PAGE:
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I will be planting Papaya fruit seeds and I understand that there is a female and a male plant, so how can one distinguish which are the ones that will bear fruit and which I should just rip up by its roots as I have limited planting space?

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  • $\begingroup$ @chrisstronks hermaphrodite should be added to the title. $\endgroup$ – dustin Jan 16 '15 at 4:31
  • $\begingroup$ @dustin - I will leave that to PO, or you are welcome to edi the question! $\endgroup$ – AliceD Jan 16 '15 at 4:33
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Male flowers have no ovary and do not produce a fruit but females need to be pollinated or the fruits will be aborted falling off when they are about golf ball size (1). Therefore, you will need at least one male or hermaphrodite plant with your female plants so you can manually pollinate the female plants. Also, note that hermaphrodites can pollinate themselves so you will not need another one or a male for fruit.

The article goes on to say that hermaphrodites are the preferred type but under certain circumstances a hermaphrodite can shift to a female.

Cool winter weather or high soil moisture can lead to a shift toward femaleness, where the stamens fuse to the carpels or ovary wall. The re­ sulting fruits become severely ridged (carpelloid, or “cat­ faced”) and hence are deformed and unmarketable (1).

enter image description here

Home gardeners should take steps to avoid having only a single papaya plant, in case it turns out to be a female. One way to accomplish this is have several plants in the garden, to ensure the possibility that at least one will be a hermaphrodite with pollen. If space is limited, allow several seedlings to grow to flowering stage in the same planting spot, and then remove all but the healthiest her­maphrodite plant (1).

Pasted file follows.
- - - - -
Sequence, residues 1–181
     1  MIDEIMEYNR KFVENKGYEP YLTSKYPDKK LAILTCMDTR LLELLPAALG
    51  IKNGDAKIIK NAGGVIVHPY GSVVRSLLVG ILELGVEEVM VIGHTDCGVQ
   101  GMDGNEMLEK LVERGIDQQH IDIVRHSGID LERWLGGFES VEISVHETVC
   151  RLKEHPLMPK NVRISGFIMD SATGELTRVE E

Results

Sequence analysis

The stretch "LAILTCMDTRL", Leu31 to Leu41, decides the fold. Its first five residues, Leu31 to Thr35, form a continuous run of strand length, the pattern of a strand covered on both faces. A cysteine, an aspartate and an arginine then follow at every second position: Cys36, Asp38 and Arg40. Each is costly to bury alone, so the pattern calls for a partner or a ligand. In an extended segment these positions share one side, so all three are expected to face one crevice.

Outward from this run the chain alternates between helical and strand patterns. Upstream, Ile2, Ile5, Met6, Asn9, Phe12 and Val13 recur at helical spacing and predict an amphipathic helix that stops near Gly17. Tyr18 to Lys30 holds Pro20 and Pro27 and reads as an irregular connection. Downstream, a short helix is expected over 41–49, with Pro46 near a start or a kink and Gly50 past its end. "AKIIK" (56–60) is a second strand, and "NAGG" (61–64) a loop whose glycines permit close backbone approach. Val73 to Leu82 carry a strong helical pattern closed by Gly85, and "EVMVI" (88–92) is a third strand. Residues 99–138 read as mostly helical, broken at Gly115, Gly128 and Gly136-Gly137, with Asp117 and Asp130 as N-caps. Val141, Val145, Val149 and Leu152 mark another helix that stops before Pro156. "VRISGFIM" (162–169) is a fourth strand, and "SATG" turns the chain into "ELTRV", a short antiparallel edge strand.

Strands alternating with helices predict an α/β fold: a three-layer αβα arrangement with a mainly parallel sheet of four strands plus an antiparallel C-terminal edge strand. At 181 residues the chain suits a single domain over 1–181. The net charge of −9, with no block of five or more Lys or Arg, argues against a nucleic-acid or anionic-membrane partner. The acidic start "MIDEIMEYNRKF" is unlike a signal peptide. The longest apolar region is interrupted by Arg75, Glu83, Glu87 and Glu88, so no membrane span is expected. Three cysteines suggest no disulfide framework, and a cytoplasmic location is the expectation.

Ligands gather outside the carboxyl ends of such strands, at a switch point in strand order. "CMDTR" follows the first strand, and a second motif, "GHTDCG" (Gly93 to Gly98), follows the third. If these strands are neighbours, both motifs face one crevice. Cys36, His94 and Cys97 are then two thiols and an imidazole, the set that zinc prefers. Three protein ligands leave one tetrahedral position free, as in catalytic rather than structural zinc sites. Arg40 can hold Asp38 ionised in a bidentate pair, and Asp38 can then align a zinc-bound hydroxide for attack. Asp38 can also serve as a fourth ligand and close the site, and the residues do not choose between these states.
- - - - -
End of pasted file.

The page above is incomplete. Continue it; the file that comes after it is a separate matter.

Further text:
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    $\begingroup$ that was the fastest answer ever.... $\endgroup$ – AliceD Jan 16 '15 at 4:27
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    $\begingroup$ @ChrisStronks I am used to math.SX. If you aren't fast, the the question will have 10 different answers before you even develop your approach. $\endgroup$ – dustin Jan 16 '15 at 4:29
  • $\begingroup$ but you don't really answer how the PO can differentiate between the (wanted) females and (unwanted) males. $\endgroup$ – AliceD Jan 16 '15 at 4:31
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    $\begingroup$ A question about the answer...dustin, you say that "hermaphrodites can't pollinate themselves" but the picture text describes the hermaphrodite as "self-fertile"...it sounds like as if it is saying that the hermaphrodite can fertilize its own self, or am I reading it wrong? $\endgroup$ – x457812 Jan 16 '15 at 4:32
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    $\begingroup$ @ChrisStronks the answer is in the picture on how to differentiate. $\endgroup$ – dustin Jan 16 '15 at 4:32

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